Corporate-Level Strategy

Creating Value in the Multibusiness Company

Andrew Campbell, Marcus Alexander, Michael Goold

Publisher: Wiley, 1994, 450 pages

ISBN: 0-471-04716-3

Keywords: Strategy

Last modified: May 21, 2007, 2:40 a.m.

This groundbreaking book on corporate-level strategy is the fruit of ten years of consulting and research with corporations in North America, Europe, and Japan. Michael Goold, Andrew Campbell, and Marcus Alexander have focused on the question of how parent companies create — or destroy — value in the businesses making up their organizations. They propose a new approach to the management of multibusiness companies, based on the goal of "parenting advantage": being the best parent for each of the businesses in the corporate portfolio.

Multibusiness corporations around the globe are grappling with fundamental questions about what businesses their companies should be in, and how they should structure and influence their businesses. For many companies, restructuring and divestitures seem to be the sensible solution. But the authors of Corporate-Level Strategy show that size and diversity are not necessarily problems. More often than not, the fatal flaw is not the range of businesses in the portfolio, but the lack of a corporate strategy that will add any value to them.

Corporate-Level Strategy arms senior managers and corporate planners with a set of proven strategic principles and clear guidelines for successfully managing a diverse, multibusiness company. Citing lessons learned from their experiences at companies such as Emerson, 3M, and GE in the USA; Canon in Japan; BTR, Shell, and Unilever in Europe; and a host of other prominent multibusiness organizations around the world, the authors demonstrate that developing a clear corporate-level strategy to achieve parenting advantage is essential to the successful management of a multibusiness corporation. They show how and why corporate strategy differs from business unit strategy, why parents often inadvertently destroy value through their influence, and what the ingredients of a successful, value-creating corporate strategy are. They uncover a number of fundamental paradoxes parents encounter in their efforts to add value, and describe ways in which these paradoxes can be overcome.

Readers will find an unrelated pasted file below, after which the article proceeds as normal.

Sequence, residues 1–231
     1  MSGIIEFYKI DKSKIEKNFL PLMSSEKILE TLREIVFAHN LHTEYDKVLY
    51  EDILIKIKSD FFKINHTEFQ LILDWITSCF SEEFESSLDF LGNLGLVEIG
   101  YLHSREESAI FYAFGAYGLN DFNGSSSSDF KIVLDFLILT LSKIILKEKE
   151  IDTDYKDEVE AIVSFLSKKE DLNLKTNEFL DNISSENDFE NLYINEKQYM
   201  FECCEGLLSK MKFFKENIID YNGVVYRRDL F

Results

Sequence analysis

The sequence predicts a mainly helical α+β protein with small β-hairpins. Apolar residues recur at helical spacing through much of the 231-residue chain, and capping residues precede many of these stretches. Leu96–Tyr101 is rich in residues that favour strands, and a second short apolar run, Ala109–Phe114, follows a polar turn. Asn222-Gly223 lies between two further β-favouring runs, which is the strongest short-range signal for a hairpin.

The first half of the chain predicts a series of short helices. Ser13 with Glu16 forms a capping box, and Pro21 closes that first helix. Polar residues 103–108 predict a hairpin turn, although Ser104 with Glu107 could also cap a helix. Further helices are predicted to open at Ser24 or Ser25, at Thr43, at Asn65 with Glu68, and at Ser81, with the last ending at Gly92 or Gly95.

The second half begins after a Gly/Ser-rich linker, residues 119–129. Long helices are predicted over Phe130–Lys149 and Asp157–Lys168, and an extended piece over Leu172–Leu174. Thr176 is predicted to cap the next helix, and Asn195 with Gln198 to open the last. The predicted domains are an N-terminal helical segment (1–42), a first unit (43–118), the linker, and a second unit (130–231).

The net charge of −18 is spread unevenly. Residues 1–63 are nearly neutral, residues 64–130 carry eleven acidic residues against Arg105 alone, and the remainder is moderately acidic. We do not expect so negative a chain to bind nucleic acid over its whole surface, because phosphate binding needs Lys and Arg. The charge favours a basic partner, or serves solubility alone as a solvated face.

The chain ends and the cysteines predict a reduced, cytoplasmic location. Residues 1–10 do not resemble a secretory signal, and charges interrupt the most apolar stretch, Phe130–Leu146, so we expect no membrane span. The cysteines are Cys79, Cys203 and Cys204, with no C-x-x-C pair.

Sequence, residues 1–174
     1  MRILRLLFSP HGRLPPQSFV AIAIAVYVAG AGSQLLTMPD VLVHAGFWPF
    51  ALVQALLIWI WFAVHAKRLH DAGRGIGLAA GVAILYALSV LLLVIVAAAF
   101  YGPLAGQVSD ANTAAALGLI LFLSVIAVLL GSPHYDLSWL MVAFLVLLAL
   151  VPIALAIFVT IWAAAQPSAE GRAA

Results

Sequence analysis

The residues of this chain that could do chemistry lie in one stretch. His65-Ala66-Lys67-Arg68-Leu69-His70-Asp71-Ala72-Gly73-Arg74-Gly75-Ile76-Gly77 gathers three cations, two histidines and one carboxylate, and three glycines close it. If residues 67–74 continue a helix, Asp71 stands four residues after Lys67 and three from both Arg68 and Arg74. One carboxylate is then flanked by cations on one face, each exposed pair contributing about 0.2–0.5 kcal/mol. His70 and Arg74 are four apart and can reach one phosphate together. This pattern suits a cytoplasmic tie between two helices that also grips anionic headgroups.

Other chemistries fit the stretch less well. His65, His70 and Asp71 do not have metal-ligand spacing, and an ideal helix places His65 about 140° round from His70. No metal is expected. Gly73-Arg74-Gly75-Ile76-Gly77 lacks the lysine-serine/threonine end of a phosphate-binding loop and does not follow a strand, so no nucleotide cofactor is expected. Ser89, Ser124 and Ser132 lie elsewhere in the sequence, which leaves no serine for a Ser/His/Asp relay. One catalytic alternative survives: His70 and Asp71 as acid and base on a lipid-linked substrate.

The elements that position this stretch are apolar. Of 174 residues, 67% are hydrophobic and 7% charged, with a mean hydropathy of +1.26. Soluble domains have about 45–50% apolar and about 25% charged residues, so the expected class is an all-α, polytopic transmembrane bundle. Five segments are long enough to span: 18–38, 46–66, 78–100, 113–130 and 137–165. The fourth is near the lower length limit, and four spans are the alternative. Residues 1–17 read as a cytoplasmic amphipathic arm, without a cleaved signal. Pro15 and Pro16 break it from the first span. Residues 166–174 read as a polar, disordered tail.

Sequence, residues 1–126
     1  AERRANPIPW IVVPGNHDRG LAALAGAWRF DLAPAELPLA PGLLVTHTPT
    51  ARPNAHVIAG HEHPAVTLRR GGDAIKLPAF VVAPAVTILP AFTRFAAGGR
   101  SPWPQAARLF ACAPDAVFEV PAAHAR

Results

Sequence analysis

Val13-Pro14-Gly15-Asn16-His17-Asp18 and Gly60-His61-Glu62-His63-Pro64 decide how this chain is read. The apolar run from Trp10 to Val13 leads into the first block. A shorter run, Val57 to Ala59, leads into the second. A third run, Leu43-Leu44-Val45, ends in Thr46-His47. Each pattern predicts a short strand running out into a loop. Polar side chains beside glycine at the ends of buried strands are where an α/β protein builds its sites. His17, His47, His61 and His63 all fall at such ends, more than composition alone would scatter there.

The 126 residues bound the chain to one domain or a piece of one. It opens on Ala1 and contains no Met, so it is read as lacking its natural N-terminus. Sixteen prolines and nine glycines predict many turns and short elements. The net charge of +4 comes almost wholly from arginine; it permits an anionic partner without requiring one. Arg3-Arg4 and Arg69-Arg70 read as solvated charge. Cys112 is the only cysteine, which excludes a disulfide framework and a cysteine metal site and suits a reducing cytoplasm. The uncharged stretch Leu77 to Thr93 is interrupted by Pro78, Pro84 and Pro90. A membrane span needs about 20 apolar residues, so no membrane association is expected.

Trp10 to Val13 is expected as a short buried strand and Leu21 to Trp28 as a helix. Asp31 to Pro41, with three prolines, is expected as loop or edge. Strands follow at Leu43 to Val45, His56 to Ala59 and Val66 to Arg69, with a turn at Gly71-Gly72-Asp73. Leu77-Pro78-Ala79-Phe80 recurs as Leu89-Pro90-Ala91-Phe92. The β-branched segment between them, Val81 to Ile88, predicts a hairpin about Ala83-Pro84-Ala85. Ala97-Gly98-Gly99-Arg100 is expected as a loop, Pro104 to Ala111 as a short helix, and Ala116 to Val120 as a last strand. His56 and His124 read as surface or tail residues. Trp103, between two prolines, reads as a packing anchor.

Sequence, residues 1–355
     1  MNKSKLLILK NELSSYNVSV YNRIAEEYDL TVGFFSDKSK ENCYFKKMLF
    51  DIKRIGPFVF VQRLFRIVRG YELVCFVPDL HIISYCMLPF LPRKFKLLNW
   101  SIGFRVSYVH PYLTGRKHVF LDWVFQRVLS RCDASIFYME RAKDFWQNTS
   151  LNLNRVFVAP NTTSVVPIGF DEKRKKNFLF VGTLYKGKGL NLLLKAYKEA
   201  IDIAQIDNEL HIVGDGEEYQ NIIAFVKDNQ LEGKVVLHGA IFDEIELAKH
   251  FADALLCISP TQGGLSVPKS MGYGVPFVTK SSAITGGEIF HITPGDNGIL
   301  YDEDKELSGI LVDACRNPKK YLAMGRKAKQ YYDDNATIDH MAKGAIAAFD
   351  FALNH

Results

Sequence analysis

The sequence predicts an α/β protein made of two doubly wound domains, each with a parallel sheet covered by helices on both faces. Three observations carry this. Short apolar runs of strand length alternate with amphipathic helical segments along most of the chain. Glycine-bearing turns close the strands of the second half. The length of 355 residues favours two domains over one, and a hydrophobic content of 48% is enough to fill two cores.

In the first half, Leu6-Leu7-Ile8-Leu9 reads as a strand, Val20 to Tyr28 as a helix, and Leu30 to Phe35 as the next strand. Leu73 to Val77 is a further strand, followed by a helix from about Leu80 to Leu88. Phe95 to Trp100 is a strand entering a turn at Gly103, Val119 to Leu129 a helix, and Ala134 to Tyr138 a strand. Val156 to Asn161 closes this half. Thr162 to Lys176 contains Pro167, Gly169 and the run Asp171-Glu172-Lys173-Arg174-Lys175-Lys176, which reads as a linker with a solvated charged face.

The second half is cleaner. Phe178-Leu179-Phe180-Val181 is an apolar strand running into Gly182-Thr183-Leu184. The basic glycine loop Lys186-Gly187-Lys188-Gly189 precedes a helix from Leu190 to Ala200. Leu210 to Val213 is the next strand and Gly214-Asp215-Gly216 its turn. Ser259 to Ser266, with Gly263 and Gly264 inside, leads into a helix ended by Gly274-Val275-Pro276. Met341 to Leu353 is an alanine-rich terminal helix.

To help in the planning process, the authors provide managers with a framework for assessing and reorienting their company's corporate-level strategy, and they provide a set of planning tools, checklists, and a worked example that will help planners to apply the concepts covered throughout the book. Offering new solutions for the crucial problems confronting multibusiness companies worldwide, Corporate-Level Strategy is an indispensable guide for senior managers and corporate planners.

  • Part One: Corporate Strategy And Parenting Advantage
    1. Corporate Strategy: The Issues.
      • The issues of corporate strategy.
      • The role of the parent.
      • Why the parenting advantage concept is vital for corporate strategy.
    2. Parenting Advantage: The Framework.
      • A summary of the main conclusions of the book.
      • How and why parents create and destroy value.
      • Corporate strategies that achieve parenting advantage.
      • A framework for analyzing corporate strategy.
    3. Questions About Parenting Advantage.
      • Issues and objections concerning the parenting advantage concept raised and answered.
    4. Corporate Strategy: The Background.
      • A review of how thinking and experience has developed in the field of corporate strategy.
      • Why different ideas gained popularity and then fell into disrepute.
      • How parenting advantage casts light on this history and contrasts with previous approaches to corporate strategy.
  • Part Two: Successful Corporate Strategies
    1. How Parents Create Value.
      • Four sorts of value creation.
      • Overview of conditions for value creation, covering opportunities for performance improvement, parenting characteristics that fit the opportunities, and the avoidance of value destruction.
      • Overview of conditions for parenting advantage.
    2. Stand-Alone Influence.
      • How the parent can create (or destroy) value by influencing businesses as stand-alone entities.
      • Examples of companies with successful corporate strategies that emphasize stand-alone influence, including Dover (appointments), BTR (budgetary control), Emerson (strategy reviews), and RTZ (capital expenditure decisions).